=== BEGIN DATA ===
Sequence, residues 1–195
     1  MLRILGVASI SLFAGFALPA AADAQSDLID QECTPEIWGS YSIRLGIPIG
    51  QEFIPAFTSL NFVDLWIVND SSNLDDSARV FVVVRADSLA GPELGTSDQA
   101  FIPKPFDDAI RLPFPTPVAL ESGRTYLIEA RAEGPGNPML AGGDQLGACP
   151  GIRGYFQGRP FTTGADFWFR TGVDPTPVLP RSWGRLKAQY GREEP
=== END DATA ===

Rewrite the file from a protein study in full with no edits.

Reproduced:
Sequence, residues 1–195
     1  MLRILGVASI SLFAGFALPA AADAQSDLID QECTPEIWGS YSIRLGIPIG
    51  QEFIPAFTSL NFVDLWIVND SSNLDDSARV FVVVRADSLA GPELGTSDQA
   101  FIPKPFDDAI RLPFPTPVAL ESGRTYLIEA RAEGPGNPML AGGDQLGACP
   151  GIRGYFQGRP FTTGADFWFR TGVDPTPVLP RSWGRLKAQY GREEP